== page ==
There is another tune of this discourse that is less audible––it is a revolt, and it is nonviolent. That raises three questions: Is nonviolence Islamic? Does it work for the powerless against the powerful? And will Muslims in Europe one day do the same to us? Look at the discourse by the EU anti-terror coordinator Gilles de Kerchove; faced with Mohamed Merah, a French of Algerian background, who killed seven in eight days, among them three children between 4 and 7 years of age. He was a “lone wolf”––maybe one among 400 of in Europe, trained by Al Qaida.
He has three approaches: criminalize people who have attended Islamist training camps (as it is done in Germany and Austria); register all who fly in and out of Europe; and implement preventive measures like social policies, measures to prevent radicalization of those captured and surveillance of Islamist websites. All of it rather obvious and justified, but no reflection of the “Arab Spring.” Better would have been more EU pressure on the USA–Israel to dismantle the third Empire, but present EU diplomacy is probably the most they are willing and able to do.
Yet there is so much that can be done. There is a discourse beyond negative nonviolence, the positive nonviolence of Gandhi’s “convert, not coerce”––applicable to anybody when conflicts turn violent. There is a discourse beyond the tolerance practiced in Europe as long as the faith is not made too public––hijab, niqab, burka––or prayer in public space. That discourse will be dialogue based on respect, curiosity and mutual learning. Like learning from the sharia––for instance, it may be a good idea not to lend more than 30 percent of your capital. Or from Turkey on how democracy and the Ummah (community) can go together––a key Arab spring model. The West has much to offer––democracy, human rights, tolerance, but it is short on ability to learn from others. Five centuries of colonialism, and yet so much ignorance and arrogance.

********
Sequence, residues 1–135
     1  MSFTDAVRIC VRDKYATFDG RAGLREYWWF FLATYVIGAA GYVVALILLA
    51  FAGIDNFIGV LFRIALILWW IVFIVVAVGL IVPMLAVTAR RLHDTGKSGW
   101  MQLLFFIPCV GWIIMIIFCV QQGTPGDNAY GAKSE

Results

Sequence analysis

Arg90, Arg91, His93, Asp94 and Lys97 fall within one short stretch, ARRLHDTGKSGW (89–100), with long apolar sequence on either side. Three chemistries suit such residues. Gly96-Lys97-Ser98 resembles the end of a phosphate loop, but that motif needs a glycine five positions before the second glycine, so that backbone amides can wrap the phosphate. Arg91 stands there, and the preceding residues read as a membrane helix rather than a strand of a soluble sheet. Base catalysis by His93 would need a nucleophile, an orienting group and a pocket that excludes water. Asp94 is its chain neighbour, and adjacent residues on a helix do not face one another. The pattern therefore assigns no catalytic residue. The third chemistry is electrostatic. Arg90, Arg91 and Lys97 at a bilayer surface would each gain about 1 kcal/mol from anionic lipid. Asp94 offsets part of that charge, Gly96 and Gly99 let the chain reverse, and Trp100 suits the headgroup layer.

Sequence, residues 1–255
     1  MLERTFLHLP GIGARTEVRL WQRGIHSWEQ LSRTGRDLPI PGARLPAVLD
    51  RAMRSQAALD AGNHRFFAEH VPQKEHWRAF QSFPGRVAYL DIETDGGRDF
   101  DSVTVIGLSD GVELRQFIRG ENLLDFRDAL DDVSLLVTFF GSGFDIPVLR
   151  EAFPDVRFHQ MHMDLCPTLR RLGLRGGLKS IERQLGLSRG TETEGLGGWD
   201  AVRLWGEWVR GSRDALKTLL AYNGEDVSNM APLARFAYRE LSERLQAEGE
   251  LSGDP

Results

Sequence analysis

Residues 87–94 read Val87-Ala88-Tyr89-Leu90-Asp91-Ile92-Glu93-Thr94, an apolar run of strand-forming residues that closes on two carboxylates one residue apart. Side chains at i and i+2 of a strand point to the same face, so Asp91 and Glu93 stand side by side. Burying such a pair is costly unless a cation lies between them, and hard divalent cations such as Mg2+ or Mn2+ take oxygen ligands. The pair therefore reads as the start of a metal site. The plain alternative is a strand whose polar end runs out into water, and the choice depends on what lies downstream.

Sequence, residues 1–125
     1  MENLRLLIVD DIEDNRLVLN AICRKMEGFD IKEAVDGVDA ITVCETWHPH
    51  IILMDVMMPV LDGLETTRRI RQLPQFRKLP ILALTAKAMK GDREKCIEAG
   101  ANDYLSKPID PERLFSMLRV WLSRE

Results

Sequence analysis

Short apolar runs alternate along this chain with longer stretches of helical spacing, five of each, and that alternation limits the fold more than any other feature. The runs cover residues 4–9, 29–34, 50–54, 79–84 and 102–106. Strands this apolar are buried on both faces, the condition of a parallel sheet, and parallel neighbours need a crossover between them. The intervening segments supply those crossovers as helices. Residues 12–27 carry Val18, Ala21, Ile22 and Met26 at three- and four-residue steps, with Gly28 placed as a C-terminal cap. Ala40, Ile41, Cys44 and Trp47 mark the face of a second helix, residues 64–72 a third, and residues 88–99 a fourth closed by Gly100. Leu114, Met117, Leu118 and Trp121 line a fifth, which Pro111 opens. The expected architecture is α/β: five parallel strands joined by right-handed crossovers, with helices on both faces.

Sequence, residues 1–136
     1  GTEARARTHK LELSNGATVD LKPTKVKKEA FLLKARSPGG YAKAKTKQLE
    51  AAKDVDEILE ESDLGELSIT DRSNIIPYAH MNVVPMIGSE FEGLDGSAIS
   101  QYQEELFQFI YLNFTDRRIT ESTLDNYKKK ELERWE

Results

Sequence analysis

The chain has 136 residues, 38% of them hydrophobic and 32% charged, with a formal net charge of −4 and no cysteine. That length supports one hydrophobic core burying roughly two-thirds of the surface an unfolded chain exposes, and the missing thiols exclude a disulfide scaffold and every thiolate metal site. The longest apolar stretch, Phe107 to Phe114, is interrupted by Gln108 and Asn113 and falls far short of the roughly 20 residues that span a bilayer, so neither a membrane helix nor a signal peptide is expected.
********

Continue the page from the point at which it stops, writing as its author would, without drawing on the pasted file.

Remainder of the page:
It is no surprise that there is a “Latin American Summer” right now. They are building their own institutions like China and Russia. Soon Comunidad de Estados Latinoamericanos y Caribeños (CELAC) and the Shanghai Cooperation Organization (SCO) will be as known as the Organization of African States and NATO. True, there is an “African Winter,” but the African Spring cannot be far away. There are some early Asian Springs, too, here and there. Europe has a right to limit its immigration, but once there as citizens, there is only one way: that of rule of law, human rights, and democracy. Democracy is more than elections––no discrimination, tolerance, transparency, dialogue of civilizations based on respect and a minimum of knowledge, engaging in mutual learning. The alternative? Continued decline and eventual fall of the West.
Adapted from a lecture at the Advanced Studies Research Center, Brussels, Belgium.